Sunday, March 13, 2011
When I wrote that last article in Harvest Journal, it was true. The process of writing it forced me to really look at how I am managing the farm. I was able to look at different angles of farm management. I've been watching the yields on the farm grow. I've had the chance to visit dozens of farms in Kenya, Uganda, Ethiopia, Brazil, and the Dominican Republic. There are so many different ways to manage a farm. In the end there are two major over ruling drivers: the environment and money. If money was not an issue, farm owners wouldn't use herbicide. Farm owners could pay pickers well. Farm owners could give the land and their tree exactly what they need.
However that isn't the case. Farm labor is expensive and getting more expensive every year. I talk about this in the article. I also talk about how I tend to use manual methods in my cleanings and almost never use herbicide. That was totally true. The last few cleanings we have done literally drained my bank account. Proper manual methods are so expensive. Am I willing to spend that amount over the next few years while the trees develop?
The answer turned out to be no. It became a numbers decision. I wasn't willing to continue to pay the going rate for the manual cleanings 4 times a year. In one of the first article I wrote for Barista Magazine, I mentioned that I planted about 14,000 trees. We did. Because we chose to clean with machete most of those tree were chopped down by people cleaning. Now we planted even more coffee and I'm not willing to lose that investment of labor, time and money.
By writing that article, I made myself look hard at the way I spend money on the far. After much thought and looking at numbers of cleaning costs and current production vs anticipated production, I decided that I need to look at agrochemicals in a different way. In a way that they can help me maintain my investment in the farm. So instead of avoiding herbicide I will use it more often. Instead of only sparsely using organic fertilizer I will increase my production of organic fertilizer drastically and also use chemical fertilizer once a year.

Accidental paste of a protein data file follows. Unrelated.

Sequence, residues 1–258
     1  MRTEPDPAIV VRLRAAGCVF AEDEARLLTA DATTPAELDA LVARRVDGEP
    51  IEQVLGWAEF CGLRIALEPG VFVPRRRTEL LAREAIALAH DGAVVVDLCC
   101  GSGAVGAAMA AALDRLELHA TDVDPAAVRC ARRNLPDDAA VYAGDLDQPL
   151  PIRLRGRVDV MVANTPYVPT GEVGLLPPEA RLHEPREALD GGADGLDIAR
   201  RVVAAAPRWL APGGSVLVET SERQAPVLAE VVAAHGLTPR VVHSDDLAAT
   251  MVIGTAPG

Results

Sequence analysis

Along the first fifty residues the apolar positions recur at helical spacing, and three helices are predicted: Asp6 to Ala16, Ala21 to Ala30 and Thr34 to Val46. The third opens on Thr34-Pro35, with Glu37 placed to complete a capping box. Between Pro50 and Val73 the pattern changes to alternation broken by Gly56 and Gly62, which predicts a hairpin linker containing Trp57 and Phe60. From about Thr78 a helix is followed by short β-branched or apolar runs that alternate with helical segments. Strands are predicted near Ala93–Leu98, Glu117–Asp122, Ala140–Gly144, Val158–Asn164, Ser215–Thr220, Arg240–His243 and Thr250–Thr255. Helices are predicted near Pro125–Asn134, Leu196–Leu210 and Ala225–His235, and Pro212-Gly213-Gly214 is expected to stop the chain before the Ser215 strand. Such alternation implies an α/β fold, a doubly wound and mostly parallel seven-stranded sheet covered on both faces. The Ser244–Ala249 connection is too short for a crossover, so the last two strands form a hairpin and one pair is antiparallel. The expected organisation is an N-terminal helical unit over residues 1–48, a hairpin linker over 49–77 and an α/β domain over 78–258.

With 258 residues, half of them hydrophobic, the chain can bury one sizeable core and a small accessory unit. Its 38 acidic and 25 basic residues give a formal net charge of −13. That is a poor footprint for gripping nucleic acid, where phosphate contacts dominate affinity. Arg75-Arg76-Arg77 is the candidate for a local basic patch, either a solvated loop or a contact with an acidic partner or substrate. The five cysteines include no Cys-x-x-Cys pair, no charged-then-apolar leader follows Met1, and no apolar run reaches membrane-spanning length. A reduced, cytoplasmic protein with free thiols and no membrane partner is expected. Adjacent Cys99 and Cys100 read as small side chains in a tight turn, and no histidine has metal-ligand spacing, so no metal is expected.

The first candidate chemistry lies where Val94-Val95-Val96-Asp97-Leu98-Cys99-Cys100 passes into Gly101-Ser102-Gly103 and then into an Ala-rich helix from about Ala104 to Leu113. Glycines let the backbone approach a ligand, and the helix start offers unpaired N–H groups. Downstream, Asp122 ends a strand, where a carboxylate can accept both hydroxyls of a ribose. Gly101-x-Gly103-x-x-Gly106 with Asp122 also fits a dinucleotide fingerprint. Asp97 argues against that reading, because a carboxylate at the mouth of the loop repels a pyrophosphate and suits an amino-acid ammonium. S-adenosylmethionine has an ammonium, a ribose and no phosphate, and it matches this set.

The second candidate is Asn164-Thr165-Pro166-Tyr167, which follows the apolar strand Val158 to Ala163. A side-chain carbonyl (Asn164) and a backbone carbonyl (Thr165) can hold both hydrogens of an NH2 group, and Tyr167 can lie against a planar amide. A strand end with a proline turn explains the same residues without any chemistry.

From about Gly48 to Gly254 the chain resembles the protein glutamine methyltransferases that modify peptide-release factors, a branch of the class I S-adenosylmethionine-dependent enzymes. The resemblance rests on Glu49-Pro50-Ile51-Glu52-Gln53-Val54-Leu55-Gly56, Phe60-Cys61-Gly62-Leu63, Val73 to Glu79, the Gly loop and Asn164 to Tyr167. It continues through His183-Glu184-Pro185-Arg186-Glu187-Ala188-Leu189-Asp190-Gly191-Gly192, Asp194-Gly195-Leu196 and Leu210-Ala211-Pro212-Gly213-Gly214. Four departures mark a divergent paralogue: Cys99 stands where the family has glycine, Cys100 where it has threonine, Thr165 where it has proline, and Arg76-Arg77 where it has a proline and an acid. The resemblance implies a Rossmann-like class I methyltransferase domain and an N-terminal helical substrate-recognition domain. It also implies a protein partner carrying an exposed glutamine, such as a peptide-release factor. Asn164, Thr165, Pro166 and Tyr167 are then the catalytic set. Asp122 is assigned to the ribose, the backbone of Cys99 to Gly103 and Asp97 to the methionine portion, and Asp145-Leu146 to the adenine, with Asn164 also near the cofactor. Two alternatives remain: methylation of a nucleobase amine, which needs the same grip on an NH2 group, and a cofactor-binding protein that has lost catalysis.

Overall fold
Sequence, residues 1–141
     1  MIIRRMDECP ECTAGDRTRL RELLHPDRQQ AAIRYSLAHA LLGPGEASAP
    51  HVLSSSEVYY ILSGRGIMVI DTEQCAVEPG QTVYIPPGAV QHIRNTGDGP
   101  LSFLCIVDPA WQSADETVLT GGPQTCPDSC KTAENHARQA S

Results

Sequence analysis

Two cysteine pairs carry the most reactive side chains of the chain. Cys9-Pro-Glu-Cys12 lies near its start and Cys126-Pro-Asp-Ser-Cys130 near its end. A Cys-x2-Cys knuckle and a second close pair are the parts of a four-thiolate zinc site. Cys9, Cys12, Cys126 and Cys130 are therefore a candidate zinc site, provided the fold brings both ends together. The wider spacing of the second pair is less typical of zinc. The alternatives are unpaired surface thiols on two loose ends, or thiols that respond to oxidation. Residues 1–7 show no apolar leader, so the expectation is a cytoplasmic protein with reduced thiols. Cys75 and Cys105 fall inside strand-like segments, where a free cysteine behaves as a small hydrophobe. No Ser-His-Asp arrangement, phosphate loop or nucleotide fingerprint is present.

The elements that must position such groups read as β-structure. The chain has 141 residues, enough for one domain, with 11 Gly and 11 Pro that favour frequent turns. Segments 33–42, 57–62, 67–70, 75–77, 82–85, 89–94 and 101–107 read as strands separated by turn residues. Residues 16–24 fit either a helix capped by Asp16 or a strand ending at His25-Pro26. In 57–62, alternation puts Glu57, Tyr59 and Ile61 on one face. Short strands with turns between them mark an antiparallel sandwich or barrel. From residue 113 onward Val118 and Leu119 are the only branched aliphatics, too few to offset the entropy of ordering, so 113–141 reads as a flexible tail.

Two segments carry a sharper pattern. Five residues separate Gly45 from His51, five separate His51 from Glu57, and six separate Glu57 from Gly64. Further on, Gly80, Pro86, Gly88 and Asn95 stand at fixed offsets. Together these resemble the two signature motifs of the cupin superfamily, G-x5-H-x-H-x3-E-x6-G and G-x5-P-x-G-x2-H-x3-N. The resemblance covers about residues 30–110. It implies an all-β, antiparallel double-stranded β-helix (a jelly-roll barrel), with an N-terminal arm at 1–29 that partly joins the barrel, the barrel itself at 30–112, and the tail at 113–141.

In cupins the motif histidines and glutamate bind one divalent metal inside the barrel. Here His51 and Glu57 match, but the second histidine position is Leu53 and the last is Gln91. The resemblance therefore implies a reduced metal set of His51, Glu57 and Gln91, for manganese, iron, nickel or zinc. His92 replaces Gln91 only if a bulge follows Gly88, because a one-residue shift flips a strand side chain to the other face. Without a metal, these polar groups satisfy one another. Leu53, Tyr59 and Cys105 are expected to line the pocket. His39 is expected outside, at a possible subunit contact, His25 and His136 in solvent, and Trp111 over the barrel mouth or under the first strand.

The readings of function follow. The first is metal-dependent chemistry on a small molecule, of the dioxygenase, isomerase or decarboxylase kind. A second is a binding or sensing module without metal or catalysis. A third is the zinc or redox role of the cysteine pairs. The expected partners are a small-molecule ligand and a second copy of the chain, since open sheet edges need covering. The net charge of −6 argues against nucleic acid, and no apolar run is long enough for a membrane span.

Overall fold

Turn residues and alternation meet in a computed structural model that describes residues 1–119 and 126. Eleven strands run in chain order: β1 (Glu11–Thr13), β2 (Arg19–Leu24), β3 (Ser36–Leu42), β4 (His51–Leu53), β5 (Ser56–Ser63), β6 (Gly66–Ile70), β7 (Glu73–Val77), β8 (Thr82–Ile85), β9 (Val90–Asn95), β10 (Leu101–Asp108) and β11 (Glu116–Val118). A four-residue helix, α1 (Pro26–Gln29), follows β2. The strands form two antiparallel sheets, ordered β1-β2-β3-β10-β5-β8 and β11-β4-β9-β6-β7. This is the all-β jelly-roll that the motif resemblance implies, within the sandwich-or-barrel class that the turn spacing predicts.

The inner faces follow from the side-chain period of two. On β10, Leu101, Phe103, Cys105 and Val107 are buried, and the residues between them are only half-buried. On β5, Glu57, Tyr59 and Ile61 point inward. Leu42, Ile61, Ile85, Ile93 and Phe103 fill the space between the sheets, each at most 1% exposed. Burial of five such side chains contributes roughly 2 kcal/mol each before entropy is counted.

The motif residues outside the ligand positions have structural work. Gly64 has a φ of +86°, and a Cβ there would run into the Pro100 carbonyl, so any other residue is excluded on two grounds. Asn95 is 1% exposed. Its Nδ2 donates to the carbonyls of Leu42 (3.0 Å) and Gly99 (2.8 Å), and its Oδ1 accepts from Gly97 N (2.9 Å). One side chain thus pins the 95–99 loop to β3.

For a brief moment it feels like I lied in the article. But when I use my mature side I realize I'm oversimplifying the situation. I didn't lie. It was the true when I wrote it. Now I've decided to embrace the use of agrochemicals as an economic management tool while committing myself to the production of organic compost to maintain or even increase the micro-biotic and fungal health of the soil.
Hence, Antonio is currently finishing the coral on the farm to hold at least one work animal full time. One animal can produce about 30kg of manure a day. I really need about 60kg of manure a day to fertilize the farm as I want but a factoria de estiercol (shit factory) on the farm is the most efficient way to make sure it is used on the farm. The compost bin for coffee cherry, which has been underutilized, is now being used as it was intended.
Here are a couple thousand of my words. I try to cover planting coffee from two different perspectives: 1) large scale 2) smaller scale. Page 66-71.